In New York I heard this little ditty:

I’d rather live in Oregon
And pack salmon
Than live in Nice
And write like Robert McAlmon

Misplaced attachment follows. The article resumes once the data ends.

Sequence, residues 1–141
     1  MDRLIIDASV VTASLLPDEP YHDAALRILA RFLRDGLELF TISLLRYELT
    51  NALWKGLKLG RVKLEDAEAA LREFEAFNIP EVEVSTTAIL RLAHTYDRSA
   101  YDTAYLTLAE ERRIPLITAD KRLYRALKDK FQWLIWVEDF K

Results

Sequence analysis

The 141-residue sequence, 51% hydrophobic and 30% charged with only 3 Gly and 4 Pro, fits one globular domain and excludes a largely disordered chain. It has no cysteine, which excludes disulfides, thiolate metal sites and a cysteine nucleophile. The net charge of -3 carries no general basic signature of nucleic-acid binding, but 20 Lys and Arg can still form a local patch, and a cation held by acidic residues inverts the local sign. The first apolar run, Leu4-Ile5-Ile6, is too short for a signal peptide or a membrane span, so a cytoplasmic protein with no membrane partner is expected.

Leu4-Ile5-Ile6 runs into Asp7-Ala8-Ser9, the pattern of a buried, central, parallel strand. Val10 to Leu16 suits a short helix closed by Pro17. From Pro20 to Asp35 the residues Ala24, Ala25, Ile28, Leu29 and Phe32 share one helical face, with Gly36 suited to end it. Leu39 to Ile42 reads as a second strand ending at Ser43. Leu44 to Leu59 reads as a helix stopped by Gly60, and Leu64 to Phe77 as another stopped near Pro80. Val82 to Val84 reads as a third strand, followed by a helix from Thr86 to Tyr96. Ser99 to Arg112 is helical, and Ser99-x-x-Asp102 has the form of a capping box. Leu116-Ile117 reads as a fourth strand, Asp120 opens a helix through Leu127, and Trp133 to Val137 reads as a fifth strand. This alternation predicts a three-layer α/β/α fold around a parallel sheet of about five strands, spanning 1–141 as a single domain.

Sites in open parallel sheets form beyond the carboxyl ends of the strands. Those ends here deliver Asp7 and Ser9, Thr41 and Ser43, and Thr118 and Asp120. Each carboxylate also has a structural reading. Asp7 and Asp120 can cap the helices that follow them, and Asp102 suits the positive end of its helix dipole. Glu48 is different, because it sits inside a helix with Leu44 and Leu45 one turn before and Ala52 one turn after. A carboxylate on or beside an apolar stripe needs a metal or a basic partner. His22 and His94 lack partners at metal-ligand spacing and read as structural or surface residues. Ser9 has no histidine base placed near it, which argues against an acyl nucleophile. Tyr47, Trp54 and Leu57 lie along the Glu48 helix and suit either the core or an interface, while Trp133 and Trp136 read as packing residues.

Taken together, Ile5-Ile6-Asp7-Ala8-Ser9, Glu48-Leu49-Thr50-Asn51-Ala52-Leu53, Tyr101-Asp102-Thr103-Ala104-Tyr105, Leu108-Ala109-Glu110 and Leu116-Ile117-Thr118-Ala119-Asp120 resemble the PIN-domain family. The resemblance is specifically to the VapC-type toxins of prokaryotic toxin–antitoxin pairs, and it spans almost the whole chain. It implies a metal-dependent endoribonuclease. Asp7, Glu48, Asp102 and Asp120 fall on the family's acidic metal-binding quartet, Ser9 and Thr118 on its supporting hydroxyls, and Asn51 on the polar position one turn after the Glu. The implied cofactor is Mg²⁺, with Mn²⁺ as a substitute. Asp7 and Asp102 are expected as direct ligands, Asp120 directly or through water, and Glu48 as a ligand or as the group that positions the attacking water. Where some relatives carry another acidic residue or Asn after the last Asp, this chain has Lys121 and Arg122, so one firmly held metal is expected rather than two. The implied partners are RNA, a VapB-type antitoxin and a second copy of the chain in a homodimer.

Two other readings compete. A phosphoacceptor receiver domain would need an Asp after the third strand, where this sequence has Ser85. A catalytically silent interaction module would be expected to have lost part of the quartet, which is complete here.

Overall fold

And this little ditty was in my mind when I rapped on his hotel door, and it opened, and at last there he was. “How are you, come on in,” McAlmon said laconically. He looked a little like his letters; about thirty-five, sort of nervous and crowded and with restless blue eyes. About my height, he was slim, long-nosed, thin-lipped and handsome, and, of course he had the arrogant or contemptuous tilt to his head. But his low-toned greeting put me off. Entering the room I seemed to know he had looked at me and been unimpressed. It’s hard to meet a , man who has helped you from afar and believe you see this look in his eyes. But I didn’t understand that if Tolstoy himself had appeared suddenly in the room McAlmon wouldn’t have been impressed. And I can see too, now, that the encounter was a comic checkmating of two temperaments; it had to be casual and laconic. “As a young reporter I had acquired an air of being professionally unimpressed. With him the same attitude was a point of honour. And so we faced each other after three years of letter writing as if we had been having a beer every afternoon for years.